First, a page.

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June 2007
Ratatouille an Unexpected Delight for Kids and Adults

Armed with loads of life lessons (and thankfully, not presented in a cloying, heavy-handed manner) and a clever script, Ratatouille has all the right ingredients to delight—even if resourceful rats aren’t usually your speed.

Willis Shines in Frivolous Live Free or Die Hard

Proving that 50+ is apparently the new 30, Bruce Willis’ John McClane may be a dinosaur in the digital age; but he’s still got the killer instincts and witty comebacks in the face of many, many dangers in Live Free or Die Hard.

A Mighty Heart Has Very Little

A Mighty Heart tells the story of the events leading up to journalist Daniel Pearl’s vicious murder in 2002. And while it is presented with technical precision, Heart largely fails to induce the emotions that such a compelling story should.

1408 Checks in to Horror and Hopelessness

Should moviegoers check in to 1408? Only if you’re a little low on your claustrophobia, schizophrenia, acrophobia, and especially “blood-o-phobia.” Based on the Stephen King short story of the same name, the horror flick stars John Cusack as a skeptical author of two books on paranormal phenomena.

Silly Evan Almighty Stays Afloat

Evan Almighty deliver laughs. Not the side-clutching, gut-busting guffaws of the best comedies, but a gentle amusement, with several chuckles along the way. It’s a summer blockbuster for the under-10 set, as well as teens and adults.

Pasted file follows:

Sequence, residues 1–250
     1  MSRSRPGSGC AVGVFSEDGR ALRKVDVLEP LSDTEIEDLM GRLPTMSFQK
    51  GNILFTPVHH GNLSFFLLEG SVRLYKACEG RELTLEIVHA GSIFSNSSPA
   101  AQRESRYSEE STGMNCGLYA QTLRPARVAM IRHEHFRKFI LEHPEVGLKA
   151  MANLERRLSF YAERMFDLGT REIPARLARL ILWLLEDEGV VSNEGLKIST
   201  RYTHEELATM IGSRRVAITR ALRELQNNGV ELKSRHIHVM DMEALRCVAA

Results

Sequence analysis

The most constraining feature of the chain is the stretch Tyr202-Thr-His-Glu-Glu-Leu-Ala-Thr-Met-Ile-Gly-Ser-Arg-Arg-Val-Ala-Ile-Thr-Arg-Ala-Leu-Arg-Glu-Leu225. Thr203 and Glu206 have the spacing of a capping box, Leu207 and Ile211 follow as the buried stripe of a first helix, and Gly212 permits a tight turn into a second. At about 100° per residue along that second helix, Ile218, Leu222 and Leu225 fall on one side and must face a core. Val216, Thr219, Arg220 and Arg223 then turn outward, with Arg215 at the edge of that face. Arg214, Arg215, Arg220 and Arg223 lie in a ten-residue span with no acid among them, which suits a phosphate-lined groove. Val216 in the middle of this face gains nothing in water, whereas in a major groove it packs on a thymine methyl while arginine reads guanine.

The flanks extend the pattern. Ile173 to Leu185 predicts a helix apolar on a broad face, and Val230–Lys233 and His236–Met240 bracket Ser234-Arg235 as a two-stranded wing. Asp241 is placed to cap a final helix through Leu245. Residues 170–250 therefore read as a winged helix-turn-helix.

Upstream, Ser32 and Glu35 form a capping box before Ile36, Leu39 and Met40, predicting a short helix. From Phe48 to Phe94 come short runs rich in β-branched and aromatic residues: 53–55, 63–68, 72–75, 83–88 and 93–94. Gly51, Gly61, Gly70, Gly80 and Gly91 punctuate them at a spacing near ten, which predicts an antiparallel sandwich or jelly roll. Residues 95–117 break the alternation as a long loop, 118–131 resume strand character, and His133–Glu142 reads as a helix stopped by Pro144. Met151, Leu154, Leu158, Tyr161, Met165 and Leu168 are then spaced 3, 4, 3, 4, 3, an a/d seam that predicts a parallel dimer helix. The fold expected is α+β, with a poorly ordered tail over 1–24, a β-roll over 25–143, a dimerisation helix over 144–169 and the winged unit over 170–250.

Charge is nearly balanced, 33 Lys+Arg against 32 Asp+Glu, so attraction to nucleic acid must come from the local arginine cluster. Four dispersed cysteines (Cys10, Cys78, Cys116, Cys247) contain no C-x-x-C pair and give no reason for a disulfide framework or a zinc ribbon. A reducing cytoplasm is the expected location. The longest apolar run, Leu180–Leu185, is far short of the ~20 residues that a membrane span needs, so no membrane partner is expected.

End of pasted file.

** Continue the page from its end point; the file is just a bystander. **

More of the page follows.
Fantastic 4: Rise of the Silver Surfer Falls Flat

With its amazing special effects, this sequel to the 2005 summer blockbuster looks like it should be a hit. Sadly, problems involving lack of chemistry, a poor story structure and a faulty worldview cause Fantastic Four: Rise of the Silver Surfer to only fall flat.

Brains Triumph Over Beauty in Nancy Drew

In light of recent, more self-centered ‘tween/teenage fare like Disturbia, the decidedly countercultural message of Nancy Drew--with a main character who genuinely cares about helping people--is most refreshing.

Poor Script Makes for Bad Blood and Chocolate

Blood and Chocolate’s biggest problem, aside from the fact that it contains hardly any blood or chocolate, rendering the title meaningless, is its script. The pacing lags, the characters have little depth and the story lacks credibility.

  • Annabelle Robertson |
  • June 12, 2007 |
  • comments
Bad Acting, Theology Propel a Doomed Ghost Rider

With a lot of parental guidance, parents might be able to use Ghost Rider to teach kids about some aspects of evil. However, there are far better sources for that—ones that involve good theology. And good acting.

  • Annabelle Robertson |
  • June 12, 2007 |
  • comments
Ocean's Thirteen and the "Enormity of Success"

Director Steven Soderbergh’s latest film is not an “enormity of success,” but it is disappointing. An outrage? Not really, but that’s the disappointing aspect of Ocean’s Thirteen: It’s hard to care about it much at all.

June 2007
Penguins Charm, Yet Again, in Surf’s Up